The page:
Cushioned running shoes or firm?
The part of a technical running shoe that you are likely to feel the most is the part underfoot, which is called the midsole. Think of the midsole as the foundation that the rest of the shoe is built on. Midsoles are most commonly made from relatively soft plastics like thermoplastic polyurethane (TPU) and ethylene vinyl acetate (EVA). All contemporary technical running shoes have a soft foundation—they all start off as cushioned running shoes.
Different people have different gaits, which means that feet do different things on the ground. In response, manufacturers make different shoes to perform differently. One way they do that is by adding other materials to midsoles.
Sometimes the additions are harder than the basic midsole.
Manufacturers have long believed that harder materials in specific places are better for some kinds of gaits. They have placed harder materials beneath the arch, the heel, and the mid-foot, among other places. These shoes are called “support,” “stability,” and “motion control.”
Midsoles with harder materials can feel firm underfoot. Some people find supportive shoes comfortable. If you are one of them, then wear these shoes because comfort matters most.
Cushioned running shoes
Manufacturers also make shoes that don’t have many or any harder materials built-in. These shoes are commonly called ‘neutral.’ This is the largest category of shoes at Run and is the biggest-selling category in technical running shoe stores throughout the country.
They can feel softer underfoot because there are no comparatively hard materials to distract you from the softness of the basic midsole. These shoes, like supportive shoes, are made for a particular gait. But in my experience, people with other gaits are just as likely to find the shoes comfortable.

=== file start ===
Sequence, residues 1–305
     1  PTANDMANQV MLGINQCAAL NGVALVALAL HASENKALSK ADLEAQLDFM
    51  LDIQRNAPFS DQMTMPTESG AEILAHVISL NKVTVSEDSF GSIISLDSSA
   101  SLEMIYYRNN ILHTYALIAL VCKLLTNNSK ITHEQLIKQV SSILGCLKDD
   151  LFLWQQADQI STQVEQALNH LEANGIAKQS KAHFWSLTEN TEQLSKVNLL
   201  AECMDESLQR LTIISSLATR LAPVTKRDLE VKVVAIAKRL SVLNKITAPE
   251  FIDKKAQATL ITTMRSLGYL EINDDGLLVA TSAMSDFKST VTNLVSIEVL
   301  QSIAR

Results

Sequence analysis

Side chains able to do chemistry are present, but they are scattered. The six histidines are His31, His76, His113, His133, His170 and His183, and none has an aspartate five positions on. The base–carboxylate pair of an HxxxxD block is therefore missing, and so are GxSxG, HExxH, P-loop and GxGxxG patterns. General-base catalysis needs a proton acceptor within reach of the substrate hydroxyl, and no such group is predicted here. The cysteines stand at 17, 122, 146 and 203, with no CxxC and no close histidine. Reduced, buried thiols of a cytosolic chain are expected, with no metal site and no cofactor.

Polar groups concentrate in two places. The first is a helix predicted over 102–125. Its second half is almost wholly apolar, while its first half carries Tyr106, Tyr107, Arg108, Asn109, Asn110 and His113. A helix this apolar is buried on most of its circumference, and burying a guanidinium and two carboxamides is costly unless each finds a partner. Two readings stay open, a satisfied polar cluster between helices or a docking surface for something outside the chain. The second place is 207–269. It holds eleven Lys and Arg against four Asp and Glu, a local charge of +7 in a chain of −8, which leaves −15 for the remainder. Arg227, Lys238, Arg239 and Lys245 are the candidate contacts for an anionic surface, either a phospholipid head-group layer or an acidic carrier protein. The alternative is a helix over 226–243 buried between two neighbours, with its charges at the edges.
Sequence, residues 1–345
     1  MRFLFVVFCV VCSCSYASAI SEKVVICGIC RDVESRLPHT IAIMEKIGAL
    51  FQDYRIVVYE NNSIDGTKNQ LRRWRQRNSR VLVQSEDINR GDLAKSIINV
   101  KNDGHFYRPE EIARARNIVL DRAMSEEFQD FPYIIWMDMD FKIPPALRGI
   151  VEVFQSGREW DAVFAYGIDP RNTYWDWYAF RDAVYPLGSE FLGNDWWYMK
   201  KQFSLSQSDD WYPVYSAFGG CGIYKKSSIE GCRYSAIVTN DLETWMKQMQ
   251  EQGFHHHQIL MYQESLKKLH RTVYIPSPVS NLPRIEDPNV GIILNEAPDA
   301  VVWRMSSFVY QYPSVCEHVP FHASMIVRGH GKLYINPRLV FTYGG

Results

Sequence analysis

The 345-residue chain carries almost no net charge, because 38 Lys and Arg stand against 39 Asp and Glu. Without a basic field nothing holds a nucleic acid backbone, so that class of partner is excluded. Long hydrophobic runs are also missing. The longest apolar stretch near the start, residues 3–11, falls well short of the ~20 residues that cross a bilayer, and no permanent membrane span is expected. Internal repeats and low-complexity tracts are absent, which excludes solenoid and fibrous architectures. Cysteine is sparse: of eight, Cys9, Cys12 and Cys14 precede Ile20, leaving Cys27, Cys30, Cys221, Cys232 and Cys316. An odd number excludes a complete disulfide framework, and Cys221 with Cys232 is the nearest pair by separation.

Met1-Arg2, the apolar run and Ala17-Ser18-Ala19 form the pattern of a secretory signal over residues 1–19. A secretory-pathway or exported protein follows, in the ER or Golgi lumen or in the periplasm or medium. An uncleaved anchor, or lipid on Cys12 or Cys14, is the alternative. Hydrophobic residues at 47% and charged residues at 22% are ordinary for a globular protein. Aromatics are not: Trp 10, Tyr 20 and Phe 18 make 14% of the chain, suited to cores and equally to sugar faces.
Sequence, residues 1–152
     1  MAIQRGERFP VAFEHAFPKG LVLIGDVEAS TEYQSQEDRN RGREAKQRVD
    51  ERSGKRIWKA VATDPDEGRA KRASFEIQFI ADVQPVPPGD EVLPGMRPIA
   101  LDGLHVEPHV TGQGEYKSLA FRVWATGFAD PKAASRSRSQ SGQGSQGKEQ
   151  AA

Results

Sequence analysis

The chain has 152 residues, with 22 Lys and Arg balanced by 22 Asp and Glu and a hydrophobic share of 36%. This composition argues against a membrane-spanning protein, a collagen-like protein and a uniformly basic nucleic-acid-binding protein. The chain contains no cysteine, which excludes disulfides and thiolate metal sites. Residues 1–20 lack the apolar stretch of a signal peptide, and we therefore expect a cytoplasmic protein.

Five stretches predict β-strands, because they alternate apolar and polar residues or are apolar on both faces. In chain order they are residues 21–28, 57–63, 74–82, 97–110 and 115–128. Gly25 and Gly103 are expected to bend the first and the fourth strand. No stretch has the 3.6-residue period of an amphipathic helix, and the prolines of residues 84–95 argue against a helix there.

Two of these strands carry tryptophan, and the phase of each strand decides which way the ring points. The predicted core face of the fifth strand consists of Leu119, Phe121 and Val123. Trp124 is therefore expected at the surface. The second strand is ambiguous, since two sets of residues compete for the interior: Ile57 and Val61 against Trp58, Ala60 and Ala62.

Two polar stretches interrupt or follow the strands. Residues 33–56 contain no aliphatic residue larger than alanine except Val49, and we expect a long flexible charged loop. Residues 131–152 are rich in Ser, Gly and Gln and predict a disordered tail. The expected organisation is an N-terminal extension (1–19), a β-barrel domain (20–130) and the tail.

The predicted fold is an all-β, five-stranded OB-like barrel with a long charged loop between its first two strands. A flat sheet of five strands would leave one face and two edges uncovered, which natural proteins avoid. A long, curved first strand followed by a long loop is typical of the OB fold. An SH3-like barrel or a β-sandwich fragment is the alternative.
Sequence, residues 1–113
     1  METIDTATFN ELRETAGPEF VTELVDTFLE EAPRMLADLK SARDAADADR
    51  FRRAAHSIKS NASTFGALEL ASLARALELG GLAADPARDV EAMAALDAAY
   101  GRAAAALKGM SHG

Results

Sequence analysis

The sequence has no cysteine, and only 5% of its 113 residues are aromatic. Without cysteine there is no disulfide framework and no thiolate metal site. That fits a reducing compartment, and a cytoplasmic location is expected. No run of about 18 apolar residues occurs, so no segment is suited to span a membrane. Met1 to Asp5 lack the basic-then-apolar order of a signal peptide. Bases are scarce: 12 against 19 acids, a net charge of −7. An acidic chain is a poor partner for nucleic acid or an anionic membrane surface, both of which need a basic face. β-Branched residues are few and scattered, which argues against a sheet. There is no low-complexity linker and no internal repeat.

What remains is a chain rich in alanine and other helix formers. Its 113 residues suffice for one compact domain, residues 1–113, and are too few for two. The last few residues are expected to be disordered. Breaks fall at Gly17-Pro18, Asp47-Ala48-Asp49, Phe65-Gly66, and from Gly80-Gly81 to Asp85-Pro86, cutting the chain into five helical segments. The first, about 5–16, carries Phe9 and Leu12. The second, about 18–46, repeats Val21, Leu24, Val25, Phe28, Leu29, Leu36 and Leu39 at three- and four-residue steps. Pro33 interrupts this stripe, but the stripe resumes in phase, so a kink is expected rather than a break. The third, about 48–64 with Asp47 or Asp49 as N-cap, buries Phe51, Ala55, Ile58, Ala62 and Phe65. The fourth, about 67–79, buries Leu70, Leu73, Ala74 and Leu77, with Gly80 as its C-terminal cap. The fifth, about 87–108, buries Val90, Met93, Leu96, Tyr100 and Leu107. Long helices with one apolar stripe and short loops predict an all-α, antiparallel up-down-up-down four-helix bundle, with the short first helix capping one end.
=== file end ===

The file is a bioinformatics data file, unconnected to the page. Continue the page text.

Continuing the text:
If you are one of them, then just like I stated earlier, wear the shoes because comfort matters most.
What makes a cushioned running shoe feel that way? Stiffness, hardness, and resiliency are the three properties that will create the feeling that we call ‘cushioned.’
Manufacturers are every year releasing shoes made of materials with different degrees of those three properties. The trend seems to be towards shoes that are pliable, compressible, and bouncy.
For example, a company named BASF has supplied both Adidas and Brooks with special blends of TPU that bend easily, compress easily, and rebound instantly. If you released a ball onto those materials, you would watch it rebound higher than it would from some of the other materials found in midsoles.
More people are finding cushioned running shoes to be comfortable. Find out if they are right for you by trying them on. Buy them if you like them.
Don’t let anyone tell you to wear supportive shoes when your feet are telling you that cushioned shoes are comfortable, or vice-versa!